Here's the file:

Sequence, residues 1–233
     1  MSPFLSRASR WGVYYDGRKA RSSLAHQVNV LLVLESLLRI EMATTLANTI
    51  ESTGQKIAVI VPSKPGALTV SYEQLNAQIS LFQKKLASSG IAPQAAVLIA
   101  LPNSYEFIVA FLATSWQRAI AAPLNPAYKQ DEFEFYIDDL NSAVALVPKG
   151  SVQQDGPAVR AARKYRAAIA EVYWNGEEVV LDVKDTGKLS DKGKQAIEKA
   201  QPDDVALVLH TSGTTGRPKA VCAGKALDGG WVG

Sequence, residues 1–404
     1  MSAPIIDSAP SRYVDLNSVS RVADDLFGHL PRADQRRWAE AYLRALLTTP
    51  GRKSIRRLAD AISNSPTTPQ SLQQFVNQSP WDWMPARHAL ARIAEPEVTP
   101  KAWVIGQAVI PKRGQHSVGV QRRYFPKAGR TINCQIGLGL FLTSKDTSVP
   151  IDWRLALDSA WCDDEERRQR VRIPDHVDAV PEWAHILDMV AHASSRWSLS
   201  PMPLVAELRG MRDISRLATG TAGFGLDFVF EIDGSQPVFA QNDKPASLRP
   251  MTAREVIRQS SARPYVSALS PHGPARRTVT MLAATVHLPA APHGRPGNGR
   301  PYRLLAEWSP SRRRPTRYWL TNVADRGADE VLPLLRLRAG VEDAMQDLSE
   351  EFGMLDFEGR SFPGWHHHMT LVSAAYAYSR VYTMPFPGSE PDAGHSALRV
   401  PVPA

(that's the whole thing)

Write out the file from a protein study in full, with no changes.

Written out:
Sequence, residues 1–233
     1  MSPFLSRASR WGVYYDGRKA RSSLAHQVNV LLVLESLLRI EMATTLANTI
    51  ESTGQKIAVI VPSKPGALTV SYEQLNAQIS LFQKKLASSG IAPQAAVLIA
   101  LPNSYEFIVA FLATSWQRAI AAPLNPAYKQ DEFEFYIDDL NSAVALVPKG
   151  SVQQDGPAVR AARKYRAAIA EVYWNGEEVV LDVKDTGKLS DKGKQAIEKA
   201  QPDDVALVLH TSGTTGRPKA VCAGKALDGG WVG

Sequence, residues 1–404
     1  MSAPIIDSAP SRYVDLNSVS RVADDLFGHL PRADQRRWAE AYLRALLTTP
    51  GRKSIRRLAD AISNSPTTPQ SLQQFVNQSP WDWMPARHAL ARIAEPEVTP
   101  KAWVIGQAVI PKRGQHSVGV QRRYFPKAGR TINCQIGLGL FLTSKDTSVP
   151  IDWRLALDSA WCDDEERRQR VRIPDHVDAV PEWAHILDMV AHASSRWSLS
   201  PMPLVAELRG MRDISRLATG TAGFGLDFVF EIDGSQPVFA QNDKPASLRP
   251  MTAREVIRQS SARPYVSALS PHGPARRTVT MLAATVHLPA APHGRPGNGR
   301  PYRLLAEWSP SRRRPTRYWL TNVADRGADE VLPLLRLRAG VEDAMQDLSE
   351  EFGMLDFEGR SFPGWHHHMT LVSAAYAYSR VYTMPFPGSE PDAGHSALRV
   401  PVPA